In his book No More Hunger Pelley spelled out the fundamentals of a Christian Commonwealth in which every citizen would be a common and preferred stockholder in a national corporate economy.  In a broad sense, a basic sense, Pelley had drawn together and updated the dual thinking of both Bellamy and Lindbergh.  On page 40 he stated that the “Christian Economy” which the people are striving for and working toward is “a government of mutuality where the people themselves are triuly sovereign under the form.”

The most dynamic offering in his proposal for a corporate commonwealth was the abolishing of debt-money and a circulating medium of exdhange, thus breaking for all time the strangling and stultifying impact of interest-bearing debt and all forms of liens and foreclosures.  It meant liberation from the tentacles of private banking and the introduction of monetary reform that automatically provided working capital that released the full work potential of the nation.

We would be remiss if we didn’t note, at least briefly, other writings of this most prolific author.  Many Americans who lived during the 1920s and 1930s are familiar with Pelley as a nationally known fiction writer whose name regularly appeared on the covers of Saturday Everning Post, Redbook and The American Magazine.  They might even know that he had two hundred and forty-eight short stories published, as well as several full-length novels, two of which were madei nto movies, and that he wrote in addition a score of movie scenarios.

Others are more familiar with his profound research in science, philosophy and religion and the over thirty books that have come from his prolific pen on these subjects.

More pertinent to our current focus are all his writings and organizing that led to his arrest on the political “crime” of sedition because he was forewarning his fellow Americans of the dangers to their very survival, and he was proposing solutions that would take away the abnormal and predatory power of the military-industrial-banking complex that was entrenched in Washington.

Against the background of the war hysteria of 1942, and our alliance with Stalinist Russia, it was but routine to get a conviction against Pelley.  He was sentenced to 15 years in prison.  The documented case of William Dudley Pelley unmistakably demonstrates that political trials and political prisoners are by no means confined to foreign lands.

So determined to silence Pelley were his antagonists that they included him in the infamous Mass Sedition Trial of 1943 using the same “evidence’ against him that has been introduced in the Indianapolis trial  despite the constitutional prohibition, “nor shall any person be subject for the same offense to be twie put in jeopardy of life and limb.”

On November 22, 1946, Chief Justice Bolitha Laws, of the Ul. S. Court for the District of Columbia, dismissed the Mass Sedition Case by  citing that to allow the case to continue would a “travesty on justice.”

To all intents and purposes Pelley has been exonerated of the conviction in Indianapolis but he passed on in 1965 before any court would grant him relief from the original sentence.  He served seven and a half years as the Twentieth Century’s most outstanding political prisoner.

Up the centuries true leaders of the people have always been made to endure vilification, persecution, imprisonment, all too often death itself.  Yet the circumstance of their fate has not been difficult to comprehend.  Invariably, each was years ahead of his time and possess the rare quality of being able to interpret the present in light of the future.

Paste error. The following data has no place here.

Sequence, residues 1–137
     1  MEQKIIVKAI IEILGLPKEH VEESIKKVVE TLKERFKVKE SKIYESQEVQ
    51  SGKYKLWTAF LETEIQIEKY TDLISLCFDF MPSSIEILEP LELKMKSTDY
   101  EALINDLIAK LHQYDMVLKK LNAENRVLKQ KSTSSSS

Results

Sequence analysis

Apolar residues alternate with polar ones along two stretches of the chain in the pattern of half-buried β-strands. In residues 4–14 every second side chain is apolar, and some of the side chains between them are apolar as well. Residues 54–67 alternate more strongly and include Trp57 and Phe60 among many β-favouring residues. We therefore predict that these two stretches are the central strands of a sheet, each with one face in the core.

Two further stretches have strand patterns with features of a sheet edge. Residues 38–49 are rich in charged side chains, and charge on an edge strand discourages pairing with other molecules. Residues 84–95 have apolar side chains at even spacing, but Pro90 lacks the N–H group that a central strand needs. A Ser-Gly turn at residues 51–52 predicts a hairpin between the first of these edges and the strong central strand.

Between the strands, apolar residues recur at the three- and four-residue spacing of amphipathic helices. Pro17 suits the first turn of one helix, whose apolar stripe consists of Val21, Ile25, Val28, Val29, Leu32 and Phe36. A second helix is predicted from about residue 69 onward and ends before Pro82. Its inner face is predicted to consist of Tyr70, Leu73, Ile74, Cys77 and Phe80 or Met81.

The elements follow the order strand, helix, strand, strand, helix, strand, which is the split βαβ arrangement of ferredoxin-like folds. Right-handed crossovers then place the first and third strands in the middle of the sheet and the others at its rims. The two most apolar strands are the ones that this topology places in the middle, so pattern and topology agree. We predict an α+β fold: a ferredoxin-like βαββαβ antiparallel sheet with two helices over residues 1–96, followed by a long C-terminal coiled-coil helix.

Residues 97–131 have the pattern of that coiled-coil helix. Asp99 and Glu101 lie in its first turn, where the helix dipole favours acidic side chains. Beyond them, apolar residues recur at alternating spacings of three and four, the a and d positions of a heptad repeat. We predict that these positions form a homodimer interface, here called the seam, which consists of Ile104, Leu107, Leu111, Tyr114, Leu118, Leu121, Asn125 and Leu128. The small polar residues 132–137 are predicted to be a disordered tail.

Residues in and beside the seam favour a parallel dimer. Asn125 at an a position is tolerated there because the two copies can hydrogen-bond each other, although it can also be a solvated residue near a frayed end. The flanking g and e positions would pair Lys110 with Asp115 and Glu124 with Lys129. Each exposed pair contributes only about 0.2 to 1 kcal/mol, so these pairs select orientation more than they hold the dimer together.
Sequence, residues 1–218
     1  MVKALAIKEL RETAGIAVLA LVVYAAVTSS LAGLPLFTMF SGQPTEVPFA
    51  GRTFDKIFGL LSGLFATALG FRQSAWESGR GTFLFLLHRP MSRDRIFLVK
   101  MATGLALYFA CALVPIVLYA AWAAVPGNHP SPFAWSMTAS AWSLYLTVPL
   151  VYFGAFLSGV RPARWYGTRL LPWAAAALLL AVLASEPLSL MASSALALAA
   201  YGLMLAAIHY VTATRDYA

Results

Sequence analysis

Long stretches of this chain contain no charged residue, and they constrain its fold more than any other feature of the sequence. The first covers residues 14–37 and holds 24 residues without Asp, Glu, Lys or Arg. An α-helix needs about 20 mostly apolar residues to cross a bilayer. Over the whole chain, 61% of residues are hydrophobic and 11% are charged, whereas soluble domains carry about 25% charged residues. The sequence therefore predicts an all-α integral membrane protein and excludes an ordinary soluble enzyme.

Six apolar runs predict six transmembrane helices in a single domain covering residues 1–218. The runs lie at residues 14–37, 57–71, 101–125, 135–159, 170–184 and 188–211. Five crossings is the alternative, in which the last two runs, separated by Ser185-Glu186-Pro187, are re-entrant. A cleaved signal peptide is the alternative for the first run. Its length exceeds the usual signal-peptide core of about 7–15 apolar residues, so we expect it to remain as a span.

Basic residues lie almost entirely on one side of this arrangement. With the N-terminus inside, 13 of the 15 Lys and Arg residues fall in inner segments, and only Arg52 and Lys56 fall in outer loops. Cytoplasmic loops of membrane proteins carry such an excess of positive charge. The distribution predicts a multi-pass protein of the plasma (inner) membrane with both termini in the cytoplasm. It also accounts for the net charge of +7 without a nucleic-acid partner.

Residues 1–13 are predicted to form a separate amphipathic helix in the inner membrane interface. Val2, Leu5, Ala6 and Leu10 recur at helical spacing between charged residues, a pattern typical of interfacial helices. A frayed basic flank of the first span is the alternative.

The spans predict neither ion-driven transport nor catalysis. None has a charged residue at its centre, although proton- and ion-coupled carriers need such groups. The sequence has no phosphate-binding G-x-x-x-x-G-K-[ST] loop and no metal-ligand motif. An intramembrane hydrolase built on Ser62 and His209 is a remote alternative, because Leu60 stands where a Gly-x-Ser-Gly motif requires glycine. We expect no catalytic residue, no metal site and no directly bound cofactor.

The three crusaders we have saluted possessed that rare quality!  .  .  .

 

 

Founding Fathers envisioned a Cooperative Commonwealth

One gains a real uplift in working toward the adoption of a National Cooperative Commonwealth by reading “declarations of Independence” that were written by Labor Groups, Farmers, Woman’s Rights Advocates, Socialists, and Blacks during the period 1829-1975.  These declarations are found in a book called “We, the Other People” by Philip S. Foner and   published by the University of Illinois Press in 1976.

On July, 1879 at a celebration by Chicago labor a series of resolutions were adopted in favor of the eight-hour day.  They were viewed “as a vital first step in achieving a fundamental redistribution of wealth that would eventually result in the decline of capitalism and the inauguration of a cooperative commonwealth.  With realization of this new society, the promises of the original Declaration of Independence would be fulfilled.

Another interesting reference is found in a “Declaration of Independence” which was published on July 4, 1895 by David De Leon, leader of the Socialist Labor Party.  After citing similar opening phrases of the original Declaration of Independence, and then a list of grievances, the new declaration promised to “complete the original manifesto through the establishment of the Cooperative Commonwealth.  With the triumph f the toilers over their combined despoilers will end class privilege and class rule.  Thus would the “American Revolution be completed!”

Our efforts and goals would seem to be in line with those groups that came before us and that endeavored to make this a just and peaceful society.  It is somewhat troubling and frustrating to realize how a nation so bountifully blessed with resources, and so amply sprinkled with men and women of wisdom, and so populated with a whole people equal to every challenge of toil and adventure, could ultimately become the hapless victims of the present.

What forces could have thwarted the visions of those who saw in the progressive improvements of tools and knowledge the betterment of peoples?  What economic arrangements would make the people politically incapable to eradicate injustice from their midst and to shape their own destiny?

Answers to these questions is the purpose of this Website.  When they are understood it will be self evident what proposals and actions can and must be made.  The will to make them, and the decision to make them, rests with the sovereign people!